September 8, 2016

Back To (Sunday) School

I’m writing this on the day after Labor Day, also known in our household as our daughter’s first day of third grade. In our community, most school-aged children have been back in school for a while now (my daughter’s school does things a bit differently), but summer’s unofficial ending is now past.

In the church, as well, we’re gearing up for another year of Sunday School and formation. Our Sunday School Kickoff Sunday is, as it’s been, this weekend, right after Labor Day. I’m very proud that St. George’s, as a community, has grown a heart for formation ministries. When I arrived as rector nine years ago, there was a dedicated team of teachers and a great, but small crew of children and youth. They followed the one-room-schoolhouse approach, and critical numbers weren’t strong enough. Teachers on the search committee told me they didn’t have enough volunteers to help so, in their words, “we all wear several hats.” In my first few years, as part of investing in this community – not just the congregation I saw regularly but the wider networks of people, many of whom have deep ties to this church – I met lots of children, and learned that this area is, in fact, teeming with young families and young children, and I also came into contact with a lot of gifted and spiritually deep adults, many of whom are currently some of our best teachers. Our Sunday School has grown from one class to four, from probably a handful of children to nearly 40. I’m proud that the addition of a regular Sunday morning adult forum has seemed to stick, too.

While I have obvious love for the traditional Sunday School model – or some version of that model, given whatever day might work better or best for your community – I’m not only writing to give props to that system. I’m writing because I think we would do well to return to the original idea of the Sunday School. This might be one of those tools from our past which, today, will help us learn new skills and venture forth into our communities, as they’re formed today.

The original idea of the Sunday School was to create something of a community outreach center, a place of genuine instruction and education – most useful, especially when Sunday’s were the only day a working-class family had to engage in leisure activities. Sunday Schools were not places to keep the kids engaged while parents worshipped. They were not simply about teaching the Bible or the Christian faith. They were not even buildings connected to the parish church, either physically or institutionally. Sunday Schools were places in which the church, the Body of Christ, reached out to its community, coming to them on their terms and on their day off so that the common good might be realized.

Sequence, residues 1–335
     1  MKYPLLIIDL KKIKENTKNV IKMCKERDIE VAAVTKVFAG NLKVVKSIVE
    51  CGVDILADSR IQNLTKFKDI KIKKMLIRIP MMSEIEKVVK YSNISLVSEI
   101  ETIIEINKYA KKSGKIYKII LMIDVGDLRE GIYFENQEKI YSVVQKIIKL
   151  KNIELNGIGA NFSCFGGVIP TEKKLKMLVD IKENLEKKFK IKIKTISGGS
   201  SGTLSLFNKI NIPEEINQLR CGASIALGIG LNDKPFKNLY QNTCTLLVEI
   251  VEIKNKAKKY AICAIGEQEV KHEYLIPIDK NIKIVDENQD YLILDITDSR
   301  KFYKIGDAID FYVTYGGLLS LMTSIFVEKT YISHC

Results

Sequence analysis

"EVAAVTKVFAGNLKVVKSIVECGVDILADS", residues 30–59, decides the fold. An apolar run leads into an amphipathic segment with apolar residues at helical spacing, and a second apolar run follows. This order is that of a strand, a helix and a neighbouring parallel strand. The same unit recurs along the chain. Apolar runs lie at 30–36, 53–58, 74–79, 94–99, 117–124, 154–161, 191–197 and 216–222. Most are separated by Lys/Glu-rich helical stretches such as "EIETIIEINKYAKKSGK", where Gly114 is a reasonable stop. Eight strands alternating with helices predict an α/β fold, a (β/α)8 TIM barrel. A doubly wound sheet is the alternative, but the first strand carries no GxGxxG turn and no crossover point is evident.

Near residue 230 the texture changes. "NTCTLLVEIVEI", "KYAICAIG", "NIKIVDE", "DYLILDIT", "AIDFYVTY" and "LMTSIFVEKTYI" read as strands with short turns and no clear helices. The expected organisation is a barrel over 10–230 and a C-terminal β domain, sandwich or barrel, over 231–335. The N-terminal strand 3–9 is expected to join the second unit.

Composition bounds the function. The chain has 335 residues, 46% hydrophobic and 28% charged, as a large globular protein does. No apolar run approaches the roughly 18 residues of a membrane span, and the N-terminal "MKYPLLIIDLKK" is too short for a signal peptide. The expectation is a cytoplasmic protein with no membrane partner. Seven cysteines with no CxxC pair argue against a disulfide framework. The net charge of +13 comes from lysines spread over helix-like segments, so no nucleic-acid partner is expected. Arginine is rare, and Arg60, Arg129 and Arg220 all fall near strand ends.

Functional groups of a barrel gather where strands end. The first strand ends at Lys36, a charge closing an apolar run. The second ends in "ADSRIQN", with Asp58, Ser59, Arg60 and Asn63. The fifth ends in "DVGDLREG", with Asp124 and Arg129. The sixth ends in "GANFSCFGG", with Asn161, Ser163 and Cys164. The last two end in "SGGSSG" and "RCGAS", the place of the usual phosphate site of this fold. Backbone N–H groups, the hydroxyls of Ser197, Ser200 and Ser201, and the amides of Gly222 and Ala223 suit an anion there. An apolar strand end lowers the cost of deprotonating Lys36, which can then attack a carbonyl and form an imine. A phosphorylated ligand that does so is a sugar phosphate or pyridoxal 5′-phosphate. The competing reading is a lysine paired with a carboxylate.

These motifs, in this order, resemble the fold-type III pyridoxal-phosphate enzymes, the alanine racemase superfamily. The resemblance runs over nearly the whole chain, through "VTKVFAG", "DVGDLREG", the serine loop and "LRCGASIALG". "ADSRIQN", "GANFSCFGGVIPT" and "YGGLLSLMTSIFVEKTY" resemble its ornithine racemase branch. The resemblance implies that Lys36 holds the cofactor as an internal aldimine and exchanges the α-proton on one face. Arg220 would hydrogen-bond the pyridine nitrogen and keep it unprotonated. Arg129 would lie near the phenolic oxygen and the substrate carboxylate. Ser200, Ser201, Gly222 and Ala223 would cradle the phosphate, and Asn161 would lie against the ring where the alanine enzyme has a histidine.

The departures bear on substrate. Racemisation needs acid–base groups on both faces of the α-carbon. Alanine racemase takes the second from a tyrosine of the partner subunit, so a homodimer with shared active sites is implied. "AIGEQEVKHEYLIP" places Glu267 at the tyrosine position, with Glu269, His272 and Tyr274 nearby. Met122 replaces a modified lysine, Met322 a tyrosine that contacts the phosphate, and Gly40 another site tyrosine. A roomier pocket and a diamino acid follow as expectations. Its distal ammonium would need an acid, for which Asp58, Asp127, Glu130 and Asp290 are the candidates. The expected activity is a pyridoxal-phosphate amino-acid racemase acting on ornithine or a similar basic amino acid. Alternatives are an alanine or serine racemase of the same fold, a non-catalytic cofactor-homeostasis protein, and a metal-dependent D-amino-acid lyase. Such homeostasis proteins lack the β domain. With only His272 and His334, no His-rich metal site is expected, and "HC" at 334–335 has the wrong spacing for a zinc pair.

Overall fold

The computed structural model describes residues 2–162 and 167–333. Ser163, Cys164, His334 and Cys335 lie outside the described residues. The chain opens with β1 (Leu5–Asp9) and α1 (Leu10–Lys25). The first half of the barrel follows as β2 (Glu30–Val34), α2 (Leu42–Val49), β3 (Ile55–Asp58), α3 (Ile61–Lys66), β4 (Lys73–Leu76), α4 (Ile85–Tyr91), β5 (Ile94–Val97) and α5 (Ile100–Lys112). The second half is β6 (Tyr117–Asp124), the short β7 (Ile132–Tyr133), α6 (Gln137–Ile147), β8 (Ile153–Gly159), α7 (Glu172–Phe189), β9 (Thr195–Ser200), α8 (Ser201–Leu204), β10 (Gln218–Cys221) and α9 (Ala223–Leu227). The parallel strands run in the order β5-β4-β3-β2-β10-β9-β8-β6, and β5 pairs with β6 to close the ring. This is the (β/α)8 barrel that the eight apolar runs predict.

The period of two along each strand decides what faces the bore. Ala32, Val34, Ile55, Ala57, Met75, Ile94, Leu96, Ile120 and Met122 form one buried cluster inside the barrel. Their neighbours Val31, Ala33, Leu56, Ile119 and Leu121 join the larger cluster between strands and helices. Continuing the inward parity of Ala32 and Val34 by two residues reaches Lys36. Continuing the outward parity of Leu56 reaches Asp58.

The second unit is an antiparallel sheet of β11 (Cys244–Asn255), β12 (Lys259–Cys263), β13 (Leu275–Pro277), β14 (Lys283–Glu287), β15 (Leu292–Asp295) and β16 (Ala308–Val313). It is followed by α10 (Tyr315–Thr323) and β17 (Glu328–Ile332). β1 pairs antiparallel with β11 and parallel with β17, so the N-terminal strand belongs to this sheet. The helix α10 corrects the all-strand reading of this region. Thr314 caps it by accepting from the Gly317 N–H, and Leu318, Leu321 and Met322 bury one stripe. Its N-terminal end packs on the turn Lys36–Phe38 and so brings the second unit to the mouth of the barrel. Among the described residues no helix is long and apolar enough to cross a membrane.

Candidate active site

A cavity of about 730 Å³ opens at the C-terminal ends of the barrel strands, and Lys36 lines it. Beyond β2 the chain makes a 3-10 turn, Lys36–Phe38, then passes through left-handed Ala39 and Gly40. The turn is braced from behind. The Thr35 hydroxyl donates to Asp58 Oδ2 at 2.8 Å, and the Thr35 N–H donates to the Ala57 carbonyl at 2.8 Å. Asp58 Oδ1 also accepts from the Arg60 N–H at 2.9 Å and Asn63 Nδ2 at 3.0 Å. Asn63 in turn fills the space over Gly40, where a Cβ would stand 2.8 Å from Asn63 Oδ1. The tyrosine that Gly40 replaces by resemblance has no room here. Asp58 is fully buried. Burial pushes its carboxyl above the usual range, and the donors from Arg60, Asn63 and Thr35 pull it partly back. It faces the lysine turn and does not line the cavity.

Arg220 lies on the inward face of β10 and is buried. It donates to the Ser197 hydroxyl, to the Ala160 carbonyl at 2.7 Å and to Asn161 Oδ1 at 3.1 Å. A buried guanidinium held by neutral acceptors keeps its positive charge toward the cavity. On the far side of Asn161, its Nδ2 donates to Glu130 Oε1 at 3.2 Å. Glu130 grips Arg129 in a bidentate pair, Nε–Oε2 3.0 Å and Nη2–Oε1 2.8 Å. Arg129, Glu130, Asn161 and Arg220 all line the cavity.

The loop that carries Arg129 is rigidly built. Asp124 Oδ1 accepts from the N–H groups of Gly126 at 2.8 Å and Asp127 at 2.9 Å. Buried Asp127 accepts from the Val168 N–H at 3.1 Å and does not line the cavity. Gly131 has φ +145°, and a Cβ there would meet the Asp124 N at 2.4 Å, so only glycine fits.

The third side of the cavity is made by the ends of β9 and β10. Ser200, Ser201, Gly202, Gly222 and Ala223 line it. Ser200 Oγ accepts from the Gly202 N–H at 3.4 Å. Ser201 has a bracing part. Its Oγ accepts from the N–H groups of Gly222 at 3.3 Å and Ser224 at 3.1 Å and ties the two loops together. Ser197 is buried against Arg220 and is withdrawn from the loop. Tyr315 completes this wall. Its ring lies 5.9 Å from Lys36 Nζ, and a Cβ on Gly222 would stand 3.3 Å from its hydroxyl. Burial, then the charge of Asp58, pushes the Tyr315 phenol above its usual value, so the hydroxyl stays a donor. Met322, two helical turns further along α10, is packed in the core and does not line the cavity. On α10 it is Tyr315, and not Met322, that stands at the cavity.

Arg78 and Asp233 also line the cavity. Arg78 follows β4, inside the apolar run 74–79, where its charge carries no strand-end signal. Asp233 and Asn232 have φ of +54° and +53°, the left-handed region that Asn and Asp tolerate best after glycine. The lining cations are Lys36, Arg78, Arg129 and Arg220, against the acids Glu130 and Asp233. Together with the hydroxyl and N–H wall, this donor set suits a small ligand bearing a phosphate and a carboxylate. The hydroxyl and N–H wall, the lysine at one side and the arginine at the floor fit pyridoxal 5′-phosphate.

Over the years, however, Sunday School has turned into a place in which children – most still think of ‘small children’ – learn stories about Jesus and the Bible. It’s mostly connected to the church itself and in tandem somehow with the worship gathering(s). Free public education and the introduction of child labor laws, mostly, led to this eventual transformation of Sunday Schools.

But what if Sunday School became, once again, so much more than religious instruction before or after worship? What if Sunday School became more than an add-on to Sunday morning worship schedules?

I’m starting to wonder if dusting off the original concept of the Sunday School might be one of the ways in which the we might find new and creative expressions of our faith in Christ. Could this be, once again, a model by which we engage and invest in our communities? It might not be connected to Sundays, whatsoever, but instead we’d have to read our communities and determine those times, days, seasons when people take some measure of rest from their work, when they find themselves needy for instruction, depth, community. What if the future of the church looked like a series of sporadic, ‘pop up’ gatherings of disciples – some doing justice work, some doing bible study, some worshiping, some gathering for singing?

Some years ago, writer Thom Rainer gave food for thought for this new, yet old venture. In his book, High Expectations (1999), among other things Rainer looked at the patterns of belief and practice among those who gave themselves to Christ five years prior to his research. Of those who regularly participated in worship and Sunday School / formation activities over those five years, 82% were still active in their communities of faith. Of those who only attended worship in that same time frame, however, only 16% remained active. If we’re only offering Sunday morning worship and occasional weekly fellowship gatherings, we shouldn’t be surprised to see only 2 out of 10 people remaining in our pews in a relatively short period of time. But, perhaps, we don’t need so much to re-think Sunday mornings. Perhaps we need to get beyond Sunday mornings, into face-to-face encounters with the citizens in this new industrial age, less gritty and more accustomed to creaturely comforts than those in the 18[1] century, but still just as needy for formation, friendship, fellowship and connection, not just with other people but with God made known to us in Jesus Christ.

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